(3) The slice timing correction interpolates the data to the last slice in the acquisition.  Make sure you know your know your acquisition timing parameters.

 

(4) The smoothing tool is set up to use a Gaussian kernel with 3 voxels width.

 

(5) The realignment is done by SPM 5 and the data get resliced.

 

(6)  The quantifiation model assumes you are running a continuous type of ASL scheme, like pseudo CASL.






Brief User's Manual (ortho) :

Starting ORTHO

Run Matlab  and execute the command:

    ortho


(The GUI portion does not work with prior versions to Matlab 7, but you can still run ortho as a command line tool, though!)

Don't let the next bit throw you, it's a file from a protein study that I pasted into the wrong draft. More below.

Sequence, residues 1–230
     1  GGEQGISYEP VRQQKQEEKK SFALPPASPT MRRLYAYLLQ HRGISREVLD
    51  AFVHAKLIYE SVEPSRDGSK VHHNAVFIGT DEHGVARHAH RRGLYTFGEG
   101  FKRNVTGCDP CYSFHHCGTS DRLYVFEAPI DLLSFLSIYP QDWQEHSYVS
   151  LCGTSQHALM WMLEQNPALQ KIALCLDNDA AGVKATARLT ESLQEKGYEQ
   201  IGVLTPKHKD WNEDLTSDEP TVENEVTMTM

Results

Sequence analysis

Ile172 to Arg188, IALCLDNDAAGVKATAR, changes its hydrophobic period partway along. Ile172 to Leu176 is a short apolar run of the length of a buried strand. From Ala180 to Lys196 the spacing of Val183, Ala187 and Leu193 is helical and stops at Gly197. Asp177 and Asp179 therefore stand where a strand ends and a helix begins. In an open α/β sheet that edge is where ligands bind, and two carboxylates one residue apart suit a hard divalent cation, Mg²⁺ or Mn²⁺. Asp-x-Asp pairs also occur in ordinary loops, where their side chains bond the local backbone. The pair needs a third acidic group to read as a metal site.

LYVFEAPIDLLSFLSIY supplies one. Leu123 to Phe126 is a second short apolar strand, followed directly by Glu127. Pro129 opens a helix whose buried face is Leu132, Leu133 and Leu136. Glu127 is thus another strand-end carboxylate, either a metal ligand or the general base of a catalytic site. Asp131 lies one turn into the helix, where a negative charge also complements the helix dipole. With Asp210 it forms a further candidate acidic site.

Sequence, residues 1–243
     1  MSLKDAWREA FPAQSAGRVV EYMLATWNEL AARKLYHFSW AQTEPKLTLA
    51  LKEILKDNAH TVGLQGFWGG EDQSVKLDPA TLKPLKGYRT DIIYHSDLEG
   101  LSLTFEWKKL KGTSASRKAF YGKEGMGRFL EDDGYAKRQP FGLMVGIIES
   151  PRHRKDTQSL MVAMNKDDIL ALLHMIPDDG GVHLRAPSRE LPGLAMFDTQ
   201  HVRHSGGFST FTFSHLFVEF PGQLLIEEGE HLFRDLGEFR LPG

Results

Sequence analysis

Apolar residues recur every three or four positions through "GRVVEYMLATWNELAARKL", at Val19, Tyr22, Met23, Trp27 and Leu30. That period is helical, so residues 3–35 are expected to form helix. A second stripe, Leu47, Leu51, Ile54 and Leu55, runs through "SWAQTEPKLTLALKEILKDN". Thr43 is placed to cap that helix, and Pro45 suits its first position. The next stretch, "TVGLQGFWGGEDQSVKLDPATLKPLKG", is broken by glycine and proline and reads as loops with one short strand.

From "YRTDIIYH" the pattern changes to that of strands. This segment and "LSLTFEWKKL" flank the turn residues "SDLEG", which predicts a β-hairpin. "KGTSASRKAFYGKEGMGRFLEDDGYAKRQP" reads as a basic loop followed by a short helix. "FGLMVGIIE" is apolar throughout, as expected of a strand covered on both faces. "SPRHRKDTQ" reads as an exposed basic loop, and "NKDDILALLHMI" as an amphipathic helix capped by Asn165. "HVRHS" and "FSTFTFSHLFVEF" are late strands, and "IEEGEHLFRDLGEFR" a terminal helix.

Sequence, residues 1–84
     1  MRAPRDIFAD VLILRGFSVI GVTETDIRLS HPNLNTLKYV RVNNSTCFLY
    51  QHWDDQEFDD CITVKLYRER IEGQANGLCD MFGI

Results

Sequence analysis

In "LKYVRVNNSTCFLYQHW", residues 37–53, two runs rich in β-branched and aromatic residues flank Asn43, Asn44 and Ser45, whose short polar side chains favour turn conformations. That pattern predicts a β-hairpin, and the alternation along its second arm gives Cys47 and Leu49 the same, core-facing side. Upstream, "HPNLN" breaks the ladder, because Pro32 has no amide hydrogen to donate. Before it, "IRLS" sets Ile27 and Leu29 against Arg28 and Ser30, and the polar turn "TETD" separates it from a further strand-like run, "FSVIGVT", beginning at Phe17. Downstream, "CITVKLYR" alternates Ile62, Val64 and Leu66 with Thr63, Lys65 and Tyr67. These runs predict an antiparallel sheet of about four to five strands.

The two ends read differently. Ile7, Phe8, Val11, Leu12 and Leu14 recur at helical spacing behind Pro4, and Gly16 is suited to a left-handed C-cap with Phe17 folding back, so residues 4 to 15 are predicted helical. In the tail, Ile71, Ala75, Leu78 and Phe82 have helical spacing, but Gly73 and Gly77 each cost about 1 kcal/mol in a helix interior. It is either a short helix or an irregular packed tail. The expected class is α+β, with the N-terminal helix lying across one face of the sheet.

If you want to run ortho without the GUI, take a look at the file  ortho_nogui.m  . You can edit that file by filling in the fields that you need, and use it as a "fake GUI".  Once you have filled it in, all you have to do is execute it.

 
Similarly, If you want to use the programs in batch mode to run through all your subjects, edit the file  ortho_batch.m and execute it.

 

But, if you are one of the lucky ones to have Matlab 7 and later and you are using the GUI, the interface looks  like the picture on the right:

 

 

Screen shot of the ORTHO interface

Using Ortho

Ortho works on Analyze format files  (.img) and NIFTI (.nii. nii.gz).   Please note that ORTHO disregards the .mat files that are generated by SPM.  It does use the header information like origins, voxel sizes and Scaling Factor.

Now that ORTHO is running, its main functions are to

- display the images in orthogonal views,
- overlay statistical maps on top of them and